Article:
Android ImageView, ImageButton Example Project Structure

android imageview imagebutton example project

As you can see we’ve added a balloon.png file to drawable folders of respective dimensions.

Android ImageView Project Code

The xml layout file contains five images with different scaleTypes along with an ImageButton. The layout is a child of a ScrollView (to make the activity scrollable) which we’ll discuss later.

activity_main.xml


<ScrollView xmlns:android="http://schemas.android.com/apk/res/android"
    xmlns:tools="http://schemas.android.com/tools"
    android:layout_width="match_parent"
    android:layout_height="match_parent">

    <LinearLayout
        android:layout_width="match_parent"
        android:layout_height="wrap_content"
        android:orientation="vertical" >

        <ImageView
            android:id="@+id/imageView1"
            android:layout_width="match_parent"
            android:layout_height="wrap_content"
            android:layout_margin="5dp"
            android:src="@drawable/balloon" />

        <ImageView
            android:id="@+id/imageView2"
            android:layout_width="match_parent"
            android:layout_height="wrap_content"
            android:layout_margin="5dp"
            android:background="#fff"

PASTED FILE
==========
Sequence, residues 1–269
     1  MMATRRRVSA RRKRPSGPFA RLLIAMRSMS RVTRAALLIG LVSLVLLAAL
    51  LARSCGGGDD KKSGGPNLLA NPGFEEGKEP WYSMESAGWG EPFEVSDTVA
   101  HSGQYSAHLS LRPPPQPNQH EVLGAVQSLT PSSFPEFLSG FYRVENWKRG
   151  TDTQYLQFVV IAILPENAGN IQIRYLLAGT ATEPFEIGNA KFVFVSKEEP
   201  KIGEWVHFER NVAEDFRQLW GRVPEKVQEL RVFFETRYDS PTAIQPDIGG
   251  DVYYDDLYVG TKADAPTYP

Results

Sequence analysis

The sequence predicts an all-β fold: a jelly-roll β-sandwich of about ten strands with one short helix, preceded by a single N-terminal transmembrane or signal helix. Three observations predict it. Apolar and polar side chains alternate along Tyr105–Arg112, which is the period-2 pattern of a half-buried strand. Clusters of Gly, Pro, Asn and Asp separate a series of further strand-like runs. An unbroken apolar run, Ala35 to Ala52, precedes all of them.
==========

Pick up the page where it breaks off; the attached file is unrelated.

android:padding="3dp"
            android:scaleType="fitXY"
            android:src="@drawable/balloon" />

        <ImageView
            android:id="@+id/imageView3"
            android:layout_width="match_parent"
            android:layout_height="wrap_content"
            android:layout_margin="5dp"
            android:background="#fff"
            android:paddingBottom="50dp"
            android:paddingLeft="3dp"
            android:paddingRight="3dp"
            android:paddingTop="3dp"
            android:scaleType="fitStart"
            android:src="@drawable/balloon" />


        <ImageView
            android:id="@+id/imageView4"
            android:layout_width="match_parent"
            android:layout_height="wrap_content"
            android:layout_margin="5dp"
            android:background="#fff"
            android:paddingBottom="50dp"
            android:paddingLeft="3dp"
            android:paddingRight="3dp"
            android:paddingTop="3dp"
            android:scaleType="fitEnd"
            android:src="@drawable/balloon" />

        <ImageView
            android:id="@+id/imageView5"
            android:layout_width="match_parent"
            android:layout_height="wrap_content"
            android:layout_margin="5dp"
            android:background="#fff"
            android:padding="3dp"
            android:src="@drawable/balloon" />


        <ImageButton
            android:layout_width="wrap_content"
            android:layout_height="wrap_content"
            android:id="@+id/imageButton"
            android:layout_gravity="center_horizontal"
            android:layout_centerVertical="true"
            android:layout_centerHorizontal="true"
            android:src="@android:drawable/ic_menu_send"/>

    </LinearLayout>

</ScrollView>

The MainActivity.java is defined below.


package com.journaldev.imageview;

import android.app.Activity;
import android.graphics.Bitmap;
import android.graphics.BitmapFactory;
import android.os.Bundle;
import android.view.View;
import android.view.View.OnClickListener;
import android.widget.ImageButton;
import android.widget.ImageView;